A stroke (sometimes called an acute cerebrovascular
attack) is the rapidly developing loss of brain function(s) due to
disturbance in the blood supply to
the brain. This can be due to ischemia (lack of glucose & oxygen
caused by thrombosis or embolism or due to a hemorrhage.
As a result, the affected area of the brain is unable to function,
leading to inability to move one or more limbs on one side of the body,
inability to understand or formulate speech, or inability to see one
side of the visual field.
A stroke is a medical emergency and can cause permanent neurological
damage, complications, and death. It is the leading cause of adult
disability in the United States and Europe. It is the number two cause
of death worldwide and may soon become the leading cause of death
factors for stroke include advanced age, hypertension (high blood
pressure), previous stroke or transient ischemic attack (TIA), diabetes,
high cholesterol, cigarette smoking and atrial fibrillation.
High blood pressure is the most important modifiable risk factor of
The traditional definition of stroke, devised by the World Health
Organization in the 1970s,
is a "neurological deficit of cerebrovascular cause that persists
beyond 24 hours or is interrupted by death within 24 hours". This
definition was supposed to reflect the reversibility of tissue damage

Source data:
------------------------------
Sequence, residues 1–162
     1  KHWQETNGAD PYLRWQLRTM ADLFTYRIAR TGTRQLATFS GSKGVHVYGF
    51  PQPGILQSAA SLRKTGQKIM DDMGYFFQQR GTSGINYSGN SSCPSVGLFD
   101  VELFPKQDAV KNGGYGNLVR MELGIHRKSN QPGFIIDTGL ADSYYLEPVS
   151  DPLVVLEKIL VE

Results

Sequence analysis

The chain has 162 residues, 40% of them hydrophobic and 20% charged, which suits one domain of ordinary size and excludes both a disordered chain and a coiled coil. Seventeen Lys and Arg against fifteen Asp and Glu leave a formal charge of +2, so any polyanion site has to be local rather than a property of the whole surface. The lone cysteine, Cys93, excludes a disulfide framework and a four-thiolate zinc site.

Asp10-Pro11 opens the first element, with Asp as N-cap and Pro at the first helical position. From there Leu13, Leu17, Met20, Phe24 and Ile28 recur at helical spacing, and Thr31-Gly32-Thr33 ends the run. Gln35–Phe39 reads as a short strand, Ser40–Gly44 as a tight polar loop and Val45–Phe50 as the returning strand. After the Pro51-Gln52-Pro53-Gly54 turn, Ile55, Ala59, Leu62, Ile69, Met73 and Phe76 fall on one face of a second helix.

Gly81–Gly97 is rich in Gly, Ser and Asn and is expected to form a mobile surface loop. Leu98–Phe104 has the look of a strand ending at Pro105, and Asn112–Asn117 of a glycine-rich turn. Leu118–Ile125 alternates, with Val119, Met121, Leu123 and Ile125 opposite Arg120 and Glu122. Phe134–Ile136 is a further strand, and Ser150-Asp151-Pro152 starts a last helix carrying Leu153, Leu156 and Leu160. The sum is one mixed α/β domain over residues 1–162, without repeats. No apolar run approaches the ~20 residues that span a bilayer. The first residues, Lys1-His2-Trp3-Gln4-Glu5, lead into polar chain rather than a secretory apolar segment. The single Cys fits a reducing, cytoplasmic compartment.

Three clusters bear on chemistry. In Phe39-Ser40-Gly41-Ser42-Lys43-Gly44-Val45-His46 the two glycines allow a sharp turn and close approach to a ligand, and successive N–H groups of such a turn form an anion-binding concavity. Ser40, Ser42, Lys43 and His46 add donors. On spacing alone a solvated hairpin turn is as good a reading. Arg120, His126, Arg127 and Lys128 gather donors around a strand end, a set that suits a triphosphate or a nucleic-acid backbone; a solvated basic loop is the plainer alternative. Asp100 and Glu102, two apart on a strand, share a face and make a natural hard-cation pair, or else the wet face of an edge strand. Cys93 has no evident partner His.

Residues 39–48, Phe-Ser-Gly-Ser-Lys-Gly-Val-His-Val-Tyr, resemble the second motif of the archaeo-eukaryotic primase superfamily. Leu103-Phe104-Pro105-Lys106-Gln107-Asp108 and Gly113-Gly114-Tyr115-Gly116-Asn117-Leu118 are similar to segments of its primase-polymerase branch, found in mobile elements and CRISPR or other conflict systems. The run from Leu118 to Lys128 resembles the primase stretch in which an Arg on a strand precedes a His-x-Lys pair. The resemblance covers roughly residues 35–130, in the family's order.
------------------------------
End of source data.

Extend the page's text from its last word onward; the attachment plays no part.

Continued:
and was devised for the purpose, with the time frame of 24 hours being
chosen arbitrarily. The 24-hour limit divides stroke from transient
ischemic attack, which is a related syndrome of stroke symptoms that
resolve completely within 24 hours.
With the availability of treatments that, when given early, can reduce
stroke severity, many now prefer alternative concepts, such as brain
attack and acute ischemic cerebrovascular syndrome (modeled
after heart attack and acute coronary syndrome respectively), that
reflect the urgency of stroke symptoms and the need to act swiftly.
A stroke is occasionally treated with thrombolysis ("clot buster"),
but usually with supportive care (speech and
language therapy, physiotherapy
and occupational therapy) in a "stroke unit" and secondary prevention
with antiplatelet drugs (aspirin and
often dipyridamole), blood pressure control, statins, and in selected
patients with carotid endarterectomy and anticoagulation.